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Art Dudley Posted: Apr 16, 2012 0 comments
German amplifier specialists AVM have been in business since 1986, but until now have served only the European market. The company's new owner, Udo Besser, who was with Burmester for many years, has decided to broaden their target and is now exporting their high-end electronics line to the US. Of the products on display at the New York Audio and AV show, I was especially intrigued by the AVM C8: an all-in one package that combines a 150Wpc stereo integrated amp with a phono stage, FM tuner, USB and SPDIF D/A converter, and a (hermetically sealed!) CD drive. The styling is elegant and spare, and the projected price is $4200.
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Art Dudley Posted: Apr 16, 2012 0 comments
Driving the distinctive Scaena "iso-linear array" loudspeakers in the Audio Doctor suite was a pair of Conrad-Johnson's limited-edition ART amplifiers ($37,000/pair): one of 125 pairs in existence. These ARTs used KT-120 output tubes (the amps are rated at 275Wpc when run with 6550 pentodes) and were operated without their strikingly pretty tube cages.
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Art Dudley Posted: Apr 16, 2012 0 comments
The combination of Wilson Audio loudspeakers, VTL amplifiers, and Peter McGrath's digital recordings—and setup skills—has provided some of the finest music I've heard at literally every show I've attended in the past several years, and this show was no exception. The Wilson Sasha W/Ps ($27,900/pair) were installed along the long wall of one of Innovative's two rooms at the Waldorf=Astoria, and were driven by the VTL MB450 Series III amplifiers ($18,000/pair) and VTL 7.5 Series III preamp ($20,000), all hooked up with Transparent cables. The sound was colorful, dynamic, and tactile—string bounce was especially fine—on all selections played, especially a high-resolution excerpt from Carmen that McGrath recorded in Miami not long ago, converted to analog with a dCS Puccini DAC ($18,000).
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Art Dudley Posted: Apr 16, 2012 1 comments
A Legacy Audio Whisper XD loudspeaker ($20,500–$22,500/pair, depending on finish) stands next to a life-size picture of a Legacy Audio Whisper XD loudspeaker. One of these has eight drivers, dual 500-watt ICE subwoofer amplifiers, and a 24-bit room-correction processor. The other does not.
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Art Dudley Posted: Apr 16, 2012 0 comments
I remember being impressed when I looked inside my low-impedance Miyabi 47 phono cartridge and counted approximately 14 turns of wire per channel on its coil former. Haniwa has now produced a cartridge with an even lower number of turns per channel—two!—for an internal impedance of just 0.8 ohms. Nevertheless, Haniwa has used various materials and construction techniques to maintain a quite reasonable output of 0.35mV. The Haniwa HCTR01 cartridge, which is also a notably high-compliance design, is available for $12,000. Michael Fremer reviewed it in his November 2011 “Analog Corner” column.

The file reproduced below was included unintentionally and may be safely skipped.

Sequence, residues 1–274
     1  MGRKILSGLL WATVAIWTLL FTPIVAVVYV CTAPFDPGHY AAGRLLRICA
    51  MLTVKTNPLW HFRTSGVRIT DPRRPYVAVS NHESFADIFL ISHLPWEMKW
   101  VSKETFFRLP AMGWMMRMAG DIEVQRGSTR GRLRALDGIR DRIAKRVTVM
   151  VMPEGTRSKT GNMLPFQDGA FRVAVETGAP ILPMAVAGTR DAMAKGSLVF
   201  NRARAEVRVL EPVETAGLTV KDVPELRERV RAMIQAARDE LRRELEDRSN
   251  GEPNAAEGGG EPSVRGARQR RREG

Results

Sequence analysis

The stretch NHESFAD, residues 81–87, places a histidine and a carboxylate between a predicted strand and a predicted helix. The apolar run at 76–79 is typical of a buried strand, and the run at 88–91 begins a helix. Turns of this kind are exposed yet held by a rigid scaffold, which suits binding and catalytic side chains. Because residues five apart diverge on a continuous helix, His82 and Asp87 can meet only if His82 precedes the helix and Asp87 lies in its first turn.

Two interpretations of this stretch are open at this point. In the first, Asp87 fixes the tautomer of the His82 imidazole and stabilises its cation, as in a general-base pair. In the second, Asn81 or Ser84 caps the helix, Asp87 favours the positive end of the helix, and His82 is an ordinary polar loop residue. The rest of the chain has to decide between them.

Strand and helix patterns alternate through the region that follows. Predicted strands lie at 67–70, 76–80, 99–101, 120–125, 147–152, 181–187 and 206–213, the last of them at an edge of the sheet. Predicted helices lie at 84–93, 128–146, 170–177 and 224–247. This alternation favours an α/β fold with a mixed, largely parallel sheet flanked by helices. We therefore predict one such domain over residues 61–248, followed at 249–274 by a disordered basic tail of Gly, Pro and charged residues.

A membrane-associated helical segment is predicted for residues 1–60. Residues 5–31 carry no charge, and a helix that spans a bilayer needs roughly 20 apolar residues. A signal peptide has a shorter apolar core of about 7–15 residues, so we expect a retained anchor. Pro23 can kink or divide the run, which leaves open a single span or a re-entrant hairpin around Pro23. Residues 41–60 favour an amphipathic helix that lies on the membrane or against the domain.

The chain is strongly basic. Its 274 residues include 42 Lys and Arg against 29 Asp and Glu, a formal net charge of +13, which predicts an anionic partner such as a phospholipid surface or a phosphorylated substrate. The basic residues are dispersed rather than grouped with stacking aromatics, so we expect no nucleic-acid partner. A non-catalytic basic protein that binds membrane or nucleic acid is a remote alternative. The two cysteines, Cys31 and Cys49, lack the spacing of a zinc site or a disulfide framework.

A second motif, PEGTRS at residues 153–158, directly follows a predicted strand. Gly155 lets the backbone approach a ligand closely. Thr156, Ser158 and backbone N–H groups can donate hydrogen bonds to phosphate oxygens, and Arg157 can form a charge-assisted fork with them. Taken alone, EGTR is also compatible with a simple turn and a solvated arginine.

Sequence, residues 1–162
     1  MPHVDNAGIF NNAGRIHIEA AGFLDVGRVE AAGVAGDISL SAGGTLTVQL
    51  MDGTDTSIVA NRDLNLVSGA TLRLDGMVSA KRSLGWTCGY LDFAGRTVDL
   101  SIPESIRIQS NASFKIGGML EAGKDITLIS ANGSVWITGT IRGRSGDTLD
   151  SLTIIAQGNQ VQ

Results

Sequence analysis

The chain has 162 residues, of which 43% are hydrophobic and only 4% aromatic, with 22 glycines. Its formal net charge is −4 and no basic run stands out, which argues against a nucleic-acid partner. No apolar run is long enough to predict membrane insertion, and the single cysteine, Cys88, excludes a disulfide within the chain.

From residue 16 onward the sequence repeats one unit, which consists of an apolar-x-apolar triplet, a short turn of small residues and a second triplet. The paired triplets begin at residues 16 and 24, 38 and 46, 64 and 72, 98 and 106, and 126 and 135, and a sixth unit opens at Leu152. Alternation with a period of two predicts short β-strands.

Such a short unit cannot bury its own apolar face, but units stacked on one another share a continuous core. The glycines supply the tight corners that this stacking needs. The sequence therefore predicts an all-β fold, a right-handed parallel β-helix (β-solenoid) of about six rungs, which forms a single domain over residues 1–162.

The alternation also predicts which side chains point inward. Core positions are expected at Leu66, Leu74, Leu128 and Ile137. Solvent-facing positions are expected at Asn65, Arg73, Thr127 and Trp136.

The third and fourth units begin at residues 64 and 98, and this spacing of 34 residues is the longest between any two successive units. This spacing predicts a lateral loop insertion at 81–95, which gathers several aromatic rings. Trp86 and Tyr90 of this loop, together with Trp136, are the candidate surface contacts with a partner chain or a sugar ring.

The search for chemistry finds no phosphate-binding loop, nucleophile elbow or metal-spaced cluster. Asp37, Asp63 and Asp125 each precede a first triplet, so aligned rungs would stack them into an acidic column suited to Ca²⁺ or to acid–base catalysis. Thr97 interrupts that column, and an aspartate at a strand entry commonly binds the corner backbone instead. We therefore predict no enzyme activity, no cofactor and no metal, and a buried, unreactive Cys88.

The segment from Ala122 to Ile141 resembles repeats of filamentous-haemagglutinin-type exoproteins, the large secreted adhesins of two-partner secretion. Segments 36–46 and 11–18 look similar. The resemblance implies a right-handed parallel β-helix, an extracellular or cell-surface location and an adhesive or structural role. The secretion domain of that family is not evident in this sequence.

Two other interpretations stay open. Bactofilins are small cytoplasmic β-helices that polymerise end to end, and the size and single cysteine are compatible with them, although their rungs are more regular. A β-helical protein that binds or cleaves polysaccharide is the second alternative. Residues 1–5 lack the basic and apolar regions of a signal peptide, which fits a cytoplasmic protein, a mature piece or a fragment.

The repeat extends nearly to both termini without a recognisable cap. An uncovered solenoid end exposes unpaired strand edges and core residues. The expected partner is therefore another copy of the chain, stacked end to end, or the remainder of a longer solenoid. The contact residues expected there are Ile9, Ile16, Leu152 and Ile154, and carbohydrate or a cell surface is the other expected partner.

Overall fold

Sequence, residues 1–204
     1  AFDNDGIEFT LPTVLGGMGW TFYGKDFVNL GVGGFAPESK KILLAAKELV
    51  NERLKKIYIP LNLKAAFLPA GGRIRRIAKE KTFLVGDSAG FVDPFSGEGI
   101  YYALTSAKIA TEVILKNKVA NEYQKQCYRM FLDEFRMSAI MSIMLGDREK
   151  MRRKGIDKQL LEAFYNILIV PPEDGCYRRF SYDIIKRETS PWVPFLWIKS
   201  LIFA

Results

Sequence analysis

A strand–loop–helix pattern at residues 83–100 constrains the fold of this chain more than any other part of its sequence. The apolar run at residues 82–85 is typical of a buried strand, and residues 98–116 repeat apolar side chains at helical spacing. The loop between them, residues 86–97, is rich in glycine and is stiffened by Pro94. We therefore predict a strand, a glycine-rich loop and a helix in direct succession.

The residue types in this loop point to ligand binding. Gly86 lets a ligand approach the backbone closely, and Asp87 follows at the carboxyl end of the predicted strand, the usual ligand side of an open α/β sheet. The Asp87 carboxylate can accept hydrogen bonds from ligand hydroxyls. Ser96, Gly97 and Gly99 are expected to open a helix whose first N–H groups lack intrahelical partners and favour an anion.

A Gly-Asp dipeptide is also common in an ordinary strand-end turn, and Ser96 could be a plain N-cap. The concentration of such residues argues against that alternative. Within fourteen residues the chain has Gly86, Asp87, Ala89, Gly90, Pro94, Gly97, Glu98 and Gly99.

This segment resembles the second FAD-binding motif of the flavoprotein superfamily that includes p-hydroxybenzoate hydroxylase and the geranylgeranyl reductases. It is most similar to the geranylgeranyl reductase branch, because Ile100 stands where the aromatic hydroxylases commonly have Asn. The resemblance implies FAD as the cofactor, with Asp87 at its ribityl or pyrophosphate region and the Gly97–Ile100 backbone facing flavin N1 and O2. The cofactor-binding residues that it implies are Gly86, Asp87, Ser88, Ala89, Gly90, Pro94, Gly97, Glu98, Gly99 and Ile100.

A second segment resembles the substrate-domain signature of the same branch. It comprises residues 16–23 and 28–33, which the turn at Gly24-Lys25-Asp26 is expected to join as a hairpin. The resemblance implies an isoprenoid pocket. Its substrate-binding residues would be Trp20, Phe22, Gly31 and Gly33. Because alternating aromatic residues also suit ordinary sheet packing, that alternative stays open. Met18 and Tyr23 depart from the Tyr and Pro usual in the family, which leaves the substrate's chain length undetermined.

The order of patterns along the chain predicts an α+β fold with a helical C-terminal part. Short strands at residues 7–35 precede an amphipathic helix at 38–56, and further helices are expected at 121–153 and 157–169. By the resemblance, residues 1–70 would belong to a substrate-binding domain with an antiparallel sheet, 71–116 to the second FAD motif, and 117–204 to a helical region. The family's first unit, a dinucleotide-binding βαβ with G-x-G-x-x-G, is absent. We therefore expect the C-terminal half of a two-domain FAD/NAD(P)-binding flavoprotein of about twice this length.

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Art Dudley Posted: Apr 15, 2012 2 comments
The TAD CR1 (for Compact Reference) loudspeaker ($37,000/pair) was demonstrated with Viola amplification and a digital front end comprising the Weiss Man301 server ($9000) and Weiss Medea+ D-to-A converter ($19,000). The CR1, which has been on the market for a little over three years, has a rated sensitivity of 86dB and uses the same type of CST coincident driver as featured in the company's flagship Reference One loudspeaker. The TAD had satisfying bass extension for such a relatively small enclosure, but the system was being played way too loud for my comfort, so I can't offer a more nuanced appraisal. JA, however, was very impressed when he reviewed the CR1 last January.
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Art Dudley Posted: Apr 15, 2012 1 comments
Furniture designer Robert Lighton used the New York Audio and AV show to debut his first audio product, the RL10 loudspeaker ($20,000/pair), offering a solid wood enclosure (even the rear-firing reflex port is turned from solid wood), 1” fabric-dome tweeter, 10” paper-cone woofer, and a sensitivity rating of 95dB. Selections from Lighton’s impressive collection of jazz LPs—one Roland Kirk number in particular—sounded tactile and convincing through his speakers and an 8Wpc Audio Note Meishu Silver Signature integrated amp with phono section ($18,850), Audio Note AN S8 phono transformer ($10,800), and Audio Note TT3.5 Reference three-motor turntable ($39,600), the latter using a Sogon-wired Audio Note tonearm ($13,156) and Yamamoto Y-03s cartridge ($1200).
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Art Dudley Posted: Apr 15, 2012 0 comments
Well Rounded Sound, a US company that specializes in high quality desktop loudspeakers, exhibited a number of eye-catching models, including their new Corgi ($799/pair), which is scheduled to begin production in July.
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Art Dudley Posted: Apr 15, 2012 0 comments
The Viola electronics on display included their four-chassis, dual-mono Solo preamplifier ($45,000) and Bravo II stereo amp ($59,000). The latter is supplied in two chassis, and provides 700Wpc channel into 4 ohms: the nominal impedance of the TAD CR1s. DAC was the highly regarded Bricasti M1.
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Art Dudley Posted: Apr 14, 2012 0 comments
The record player used in the Robyatt suite was the Anatase (price available upon request) from Oswalds Mill Audio: an original Lenco motor unit updated with a custom-made bearing and idler wheel assembly, and wedded to a massive slate plinth. The primary arm was the excellent Thomas Schick Tonearm ($1675), used with various Miyajima cartridges.

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